By: Robby Fenbers
Veterans Today Club Brings Awareness with P.T.S.D. Event It is a crippling mental illness, one that takes away the joys of everyday life. But awareness and education can lead to helping what is known as a daily struggle for those suffering with P.T.S.D. (Post-Traumatic Stress Disorder).
On Monday April 6th, The Veterans Today Club sought to bring awareness to this “silent killer.” The event began with Campus President Dr. Ron Liss delivering a powerful statement. “Thank you for you service,” he said. “I know I don’t say it nearly enough, I don’t think any of us do.”
He then turned the microphone over to Dr. James Banks, who runs the Crile Archives at the Western Campus. Dr. Banks enlightened the audience with a little Tri-C history as he spoke about Crile General Hospital and Tri-C’s storied past.
Tri-C is known to have a large amount of veterans on campus. This was important because Veterans Today really wanted to speak to those who could relate to the struggle. “They went through drama, watching their best friend die. I think they appreciate the awareness we tried to bring,” says Corey Nolan, who is the President of Veterans Today. Nolan along with his Vice President Billy Mortensen were also speakers at the event. Both have served tours overseas.
A guest speaker from the V.A., helped lend some knowledge into the specifics and different types of traumatic disorders with a statistic, which states that 80% of people who experience traumatic events slowly recover, the other 20% get stuck, which may lead to PTSD. The term “shell-shocked” was used throughout the event. The term, which is defined as shocked or confused because of a sudden alarming experience – is used quite often in the military and to describe anyone that has seen a traumatic event. Its origin dates back to World War I, as it was coined to describe the reaction of soldiers to the trauma of battle.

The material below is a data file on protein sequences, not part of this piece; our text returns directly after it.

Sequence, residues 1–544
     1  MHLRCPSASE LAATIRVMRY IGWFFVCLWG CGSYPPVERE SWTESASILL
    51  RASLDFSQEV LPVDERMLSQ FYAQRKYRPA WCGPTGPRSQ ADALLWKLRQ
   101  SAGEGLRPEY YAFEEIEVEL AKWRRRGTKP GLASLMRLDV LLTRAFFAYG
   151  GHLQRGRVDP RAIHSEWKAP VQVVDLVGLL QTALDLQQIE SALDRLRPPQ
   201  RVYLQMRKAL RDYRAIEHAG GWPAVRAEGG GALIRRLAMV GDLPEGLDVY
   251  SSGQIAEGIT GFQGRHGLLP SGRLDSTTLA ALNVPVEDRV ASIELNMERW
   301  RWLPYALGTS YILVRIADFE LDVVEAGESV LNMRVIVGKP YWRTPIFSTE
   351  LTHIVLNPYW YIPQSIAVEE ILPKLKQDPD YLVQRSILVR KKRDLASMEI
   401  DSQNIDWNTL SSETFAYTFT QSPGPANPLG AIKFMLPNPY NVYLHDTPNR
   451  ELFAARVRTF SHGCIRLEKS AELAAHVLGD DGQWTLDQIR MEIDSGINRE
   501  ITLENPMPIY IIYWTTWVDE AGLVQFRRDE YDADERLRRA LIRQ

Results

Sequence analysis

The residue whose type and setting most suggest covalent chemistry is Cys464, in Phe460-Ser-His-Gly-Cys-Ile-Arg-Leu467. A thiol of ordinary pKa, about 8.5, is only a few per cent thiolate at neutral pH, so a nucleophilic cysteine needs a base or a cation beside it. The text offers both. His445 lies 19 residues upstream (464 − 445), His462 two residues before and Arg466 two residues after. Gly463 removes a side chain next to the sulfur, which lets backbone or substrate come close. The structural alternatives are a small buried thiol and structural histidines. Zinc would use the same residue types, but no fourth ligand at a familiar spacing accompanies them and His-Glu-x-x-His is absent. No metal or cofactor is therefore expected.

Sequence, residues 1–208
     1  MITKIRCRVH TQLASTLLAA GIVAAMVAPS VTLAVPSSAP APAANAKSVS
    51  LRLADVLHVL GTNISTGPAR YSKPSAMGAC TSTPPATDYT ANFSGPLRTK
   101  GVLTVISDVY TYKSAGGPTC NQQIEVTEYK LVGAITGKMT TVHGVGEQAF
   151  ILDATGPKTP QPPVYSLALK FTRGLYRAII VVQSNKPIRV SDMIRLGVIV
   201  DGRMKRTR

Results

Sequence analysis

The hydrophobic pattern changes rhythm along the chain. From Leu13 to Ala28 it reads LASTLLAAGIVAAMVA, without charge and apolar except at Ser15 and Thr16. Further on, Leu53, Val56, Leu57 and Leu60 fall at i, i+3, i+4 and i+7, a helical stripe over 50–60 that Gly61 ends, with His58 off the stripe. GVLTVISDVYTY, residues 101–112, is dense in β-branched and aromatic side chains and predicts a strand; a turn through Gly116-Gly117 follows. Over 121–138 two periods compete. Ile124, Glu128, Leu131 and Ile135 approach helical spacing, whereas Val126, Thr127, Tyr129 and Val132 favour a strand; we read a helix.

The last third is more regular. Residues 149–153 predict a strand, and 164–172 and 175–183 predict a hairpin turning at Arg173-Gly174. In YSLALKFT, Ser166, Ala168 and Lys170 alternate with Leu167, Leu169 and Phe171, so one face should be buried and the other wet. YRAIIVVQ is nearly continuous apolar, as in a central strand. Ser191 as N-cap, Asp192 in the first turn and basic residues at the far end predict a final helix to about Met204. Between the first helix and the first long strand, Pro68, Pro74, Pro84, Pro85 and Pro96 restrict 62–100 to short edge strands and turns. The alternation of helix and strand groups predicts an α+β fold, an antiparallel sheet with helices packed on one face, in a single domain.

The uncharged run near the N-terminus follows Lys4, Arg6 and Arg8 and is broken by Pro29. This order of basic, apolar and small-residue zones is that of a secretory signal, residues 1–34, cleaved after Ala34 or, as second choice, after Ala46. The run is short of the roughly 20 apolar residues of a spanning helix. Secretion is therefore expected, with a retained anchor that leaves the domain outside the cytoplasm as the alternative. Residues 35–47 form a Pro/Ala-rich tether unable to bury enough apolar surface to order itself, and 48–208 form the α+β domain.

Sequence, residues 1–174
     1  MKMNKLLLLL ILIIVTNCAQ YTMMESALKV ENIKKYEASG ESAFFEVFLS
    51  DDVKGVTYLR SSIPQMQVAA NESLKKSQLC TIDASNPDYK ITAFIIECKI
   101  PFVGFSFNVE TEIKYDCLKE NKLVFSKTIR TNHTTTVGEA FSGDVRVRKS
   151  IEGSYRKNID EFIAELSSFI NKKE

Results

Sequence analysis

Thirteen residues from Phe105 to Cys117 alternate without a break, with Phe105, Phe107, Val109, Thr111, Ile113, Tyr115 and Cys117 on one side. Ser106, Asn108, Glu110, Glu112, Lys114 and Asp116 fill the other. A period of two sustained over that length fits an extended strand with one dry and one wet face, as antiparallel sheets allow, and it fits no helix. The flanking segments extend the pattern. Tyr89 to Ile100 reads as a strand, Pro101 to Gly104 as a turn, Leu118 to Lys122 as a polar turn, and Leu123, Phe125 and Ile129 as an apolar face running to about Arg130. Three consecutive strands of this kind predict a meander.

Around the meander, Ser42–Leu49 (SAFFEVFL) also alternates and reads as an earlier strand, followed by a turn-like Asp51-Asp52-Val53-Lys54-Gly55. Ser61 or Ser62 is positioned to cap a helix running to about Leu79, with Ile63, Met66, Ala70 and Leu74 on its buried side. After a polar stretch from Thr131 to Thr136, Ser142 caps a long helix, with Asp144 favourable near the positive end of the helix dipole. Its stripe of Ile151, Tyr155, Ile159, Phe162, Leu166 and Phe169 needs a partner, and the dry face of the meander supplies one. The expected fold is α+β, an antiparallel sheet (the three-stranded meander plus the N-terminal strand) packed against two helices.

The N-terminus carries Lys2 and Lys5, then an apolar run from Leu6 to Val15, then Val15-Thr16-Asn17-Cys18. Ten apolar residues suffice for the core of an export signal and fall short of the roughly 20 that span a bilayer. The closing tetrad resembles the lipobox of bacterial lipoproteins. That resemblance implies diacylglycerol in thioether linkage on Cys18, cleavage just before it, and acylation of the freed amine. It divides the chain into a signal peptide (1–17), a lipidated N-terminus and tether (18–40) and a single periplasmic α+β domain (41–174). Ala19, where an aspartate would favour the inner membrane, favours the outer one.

Nolan gave a personal account of his moments of being diagnosed by a mental health specialist while in the military, to his ongoing struggle of living the civilian life. He has often turned to tattoos and firing ranges to help him cope and relieve his stress and anxiety. For him it’s the little things that trigger his anger and being around certain things bring him back to those chilling military memories. Nolan and Mortensen put this event together to bring awareness to something that they have personal experience with. The pain and traumatic experiences that they have faced, they would wish upon no one. They continue to heal after their service in the military, perhaps with this event they may have helped others heal as well.